Chinese Firms Slammed for Falsifying Emission Data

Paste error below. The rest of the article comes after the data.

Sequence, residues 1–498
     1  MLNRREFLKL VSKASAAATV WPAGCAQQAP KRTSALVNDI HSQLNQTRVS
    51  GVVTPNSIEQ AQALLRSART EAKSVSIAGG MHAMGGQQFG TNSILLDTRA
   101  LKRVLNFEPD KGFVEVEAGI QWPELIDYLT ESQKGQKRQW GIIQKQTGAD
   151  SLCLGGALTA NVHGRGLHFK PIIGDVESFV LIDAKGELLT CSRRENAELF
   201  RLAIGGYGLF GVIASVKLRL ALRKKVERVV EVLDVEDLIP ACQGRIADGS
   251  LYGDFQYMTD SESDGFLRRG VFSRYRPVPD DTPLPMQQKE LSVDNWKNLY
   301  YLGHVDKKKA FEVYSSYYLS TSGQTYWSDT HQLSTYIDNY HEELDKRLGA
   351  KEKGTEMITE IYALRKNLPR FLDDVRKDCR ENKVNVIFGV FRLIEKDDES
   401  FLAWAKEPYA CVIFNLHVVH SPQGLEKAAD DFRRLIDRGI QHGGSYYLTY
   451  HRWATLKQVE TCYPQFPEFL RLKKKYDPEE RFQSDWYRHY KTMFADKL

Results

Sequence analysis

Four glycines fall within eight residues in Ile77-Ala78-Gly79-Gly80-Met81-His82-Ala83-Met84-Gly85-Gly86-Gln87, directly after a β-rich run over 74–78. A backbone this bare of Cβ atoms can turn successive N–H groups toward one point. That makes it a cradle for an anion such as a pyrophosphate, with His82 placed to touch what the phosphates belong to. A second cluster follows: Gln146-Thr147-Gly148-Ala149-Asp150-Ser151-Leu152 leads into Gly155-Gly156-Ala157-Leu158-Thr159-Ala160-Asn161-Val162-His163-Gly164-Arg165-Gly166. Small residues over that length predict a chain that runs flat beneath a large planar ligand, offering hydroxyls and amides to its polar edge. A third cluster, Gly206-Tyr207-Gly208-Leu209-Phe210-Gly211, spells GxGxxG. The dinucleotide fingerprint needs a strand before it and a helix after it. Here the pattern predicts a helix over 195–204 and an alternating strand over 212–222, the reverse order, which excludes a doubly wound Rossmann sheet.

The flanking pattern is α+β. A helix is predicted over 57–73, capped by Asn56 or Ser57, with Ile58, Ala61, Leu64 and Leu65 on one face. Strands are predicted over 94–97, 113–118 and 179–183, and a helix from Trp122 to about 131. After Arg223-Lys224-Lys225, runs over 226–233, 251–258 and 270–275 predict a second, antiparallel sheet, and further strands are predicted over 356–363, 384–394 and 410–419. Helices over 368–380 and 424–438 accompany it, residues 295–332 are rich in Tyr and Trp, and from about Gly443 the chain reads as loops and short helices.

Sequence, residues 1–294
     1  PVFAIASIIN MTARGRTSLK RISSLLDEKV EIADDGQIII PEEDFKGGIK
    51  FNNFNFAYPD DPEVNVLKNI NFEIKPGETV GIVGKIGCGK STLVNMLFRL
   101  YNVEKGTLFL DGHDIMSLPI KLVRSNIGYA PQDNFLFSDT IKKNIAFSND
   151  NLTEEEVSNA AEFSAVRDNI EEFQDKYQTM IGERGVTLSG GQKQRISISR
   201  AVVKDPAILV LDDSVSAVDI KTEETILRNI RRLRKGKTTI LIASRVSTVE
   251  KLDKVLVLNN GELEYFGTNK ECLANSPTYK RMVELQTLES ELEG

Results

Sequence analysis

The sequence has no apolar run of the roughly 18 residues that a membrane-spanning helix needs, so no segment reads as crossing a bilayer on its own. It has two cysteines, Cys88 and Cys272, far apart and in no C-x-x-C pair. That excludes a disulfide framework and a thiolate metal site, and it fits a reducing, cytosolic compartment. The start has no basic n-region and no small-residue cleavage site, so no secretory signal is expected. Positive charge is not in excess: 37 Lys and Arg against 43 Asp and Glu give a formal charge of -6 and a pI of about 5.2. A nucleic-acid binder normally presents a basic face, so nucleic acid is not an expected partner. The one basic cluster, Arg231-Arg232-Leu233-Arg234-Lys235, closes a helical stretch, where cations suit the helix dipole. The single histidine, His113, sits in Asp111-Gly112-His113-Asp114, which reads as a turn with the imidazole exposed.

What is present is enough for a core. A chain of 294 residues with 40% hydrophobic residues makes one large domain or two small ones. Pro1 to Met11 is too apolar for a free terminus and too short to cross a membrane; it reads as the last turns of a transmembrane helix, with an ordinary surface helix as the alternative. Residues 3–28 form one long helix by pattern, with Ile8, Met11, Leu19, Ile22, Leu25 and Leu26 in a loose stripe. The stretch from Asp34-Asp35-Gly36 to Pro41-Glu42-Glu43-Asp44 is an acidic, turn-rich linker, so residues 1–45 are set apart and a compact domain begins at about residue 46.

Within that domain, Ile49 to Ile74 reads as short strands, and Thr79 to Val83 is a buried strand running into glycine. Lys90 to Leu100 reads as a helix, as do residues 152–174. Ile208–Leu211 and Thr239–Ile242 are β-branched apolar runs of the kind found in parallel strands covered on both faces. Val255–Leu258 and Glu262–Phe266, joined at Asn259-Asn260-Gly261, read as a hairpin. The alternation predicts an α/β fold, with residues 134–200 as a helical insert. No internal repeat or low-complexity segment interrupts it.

China’s environmental watchdog has named four companies that falsified carbon emission reports. As data fraud continues to undermine the country’s ambitious climate goals, a former employee in China’s environment ministry analyzed the causes. On March 14, China’s Ministry of Ecology and Environment (MEE) said that data verification agencies manipulated reports and falsified testing dates, emissions data, and carbon footprint results. The findings came after a three-month campaign launched by the ministry last October and aimed at verifying the accuracy of carbon emission reports submitted by local entities nationwide. Beijing-based data verification firm Zhongtan Nengtou Tech Co. was charged with “making false coal samples” and “tampering with and forging test reports.” A second firm, Liaoning Dongmei Testing and Analysis Research Institute, was also charged with tampering with test reports. Two other companies, Beijing-based SinoCarbon Innovation & Investment Co and Shandong province’s Qingdao Xinuo Renewable, were separately charged with “writing distorted and inaccurate conclusions,” according to Reuters citing the MEE report. In July last year, the regional environment ministry of Inner Mongolia notified a client of Zhongtan Nengtou, Inner Mongolia Erdos High-Tech Materials, of its false carbon emission report. The incident was followed by a three-month campaign to sniff out more emissions data fraud. From October to December 2021, the national environment ministry arranged for 31 working groups to supervise and inspect the accuracy of carbon data submitted nationwide, especially targeting major technical service and emission control firms in the energy sector, according to China’s state-owned local news. The short-term investigation unveiled fraudulent practices relating to the four major data verification firms. Current affairs commentator Li Jie said these measures are all campaigns launched out of political needs, and data fraud is nothing new in China. He believes that this investigative operation is likely pre-planned as the authorities have long known that these companies have a history of falsifying data, and charging them is a ploy to show they are doing something about the emissions. People wear masks as they travel along a street during smoggy weather on Nov. 18, 2021, in Beijing, China. China is the world’s largest contributor to carbon emissions. (Lintao Zhang/Getty Images) A state-run energy information and service provider, China Energy Net, said that accurate and reliable emissions data is the premise and foundation of carbon emission trading, a platform launched in July 2021 that aims to reduce companies’ carbon emissions in China. However, data fraud has put the carbon trading markets into chaos. Gao Fengyi, a former employee in China’s environment ministry and a Ph.D. in environmental protection, explained to The Epoch Times the two primary causes of the chaos in China’s carbon trading market. “First, the CCP often changes its policies out of political needs. There are no fixed standards, and it is difficult for local governments and enterprises to cooperate. Second, if a region’s performance does not meet the national evaluation standards, it will directly impact the positions of local officials. In order to keep their jobs and salaries, the local government would have to falsify the data,” Gao said. “When I was working in the environment ministry, we kept two sets of data. One matched the national requirement for submission, and the other was the real data. We made work plans based on the real data.” China’s Ambitious Climate Goals At the Global Climate Video Summit in April 2021, Chinese leader Xi Jinping claimed that China, the world’s largest emitter of greenhouse gases, would reach a carbon “emissions peak” by 2030, and would begin to reduce emissions and reach “carbon neutrality” by 2060. Xi asked the Western developed countries to provide financial and technical support. In July 2021, China’s national carbon emission trading scheme (ETS) made its debut as 4.1 million tonnes of carbon dioxide quotas worth approximately $32 million changed hands, Reuters reported. ETS is a rate-based system providing financial incentives to companies that reduce emissions. Under this scheme, enterprises receive allowances that are allocated based on historical emissions levels and output. Although it claims to incentivize carbon emitters to reduce emissions, before and after ETS launched, cases of carbon data fraud in the Chinese market were found and have continued to surface. In the first major fraud case disclosed by the environment ministry in July 2021, the data verification firm Zhongtan Nengtou had provided Inner Mongolia Erdos High-Tech Materials with forged coal sample test reports and falsified reports for 11 other companies. According to China’s state-run environmental news platform, the tampered test reports can reduce Erdos High-Tech Materials’ 2019 emission quota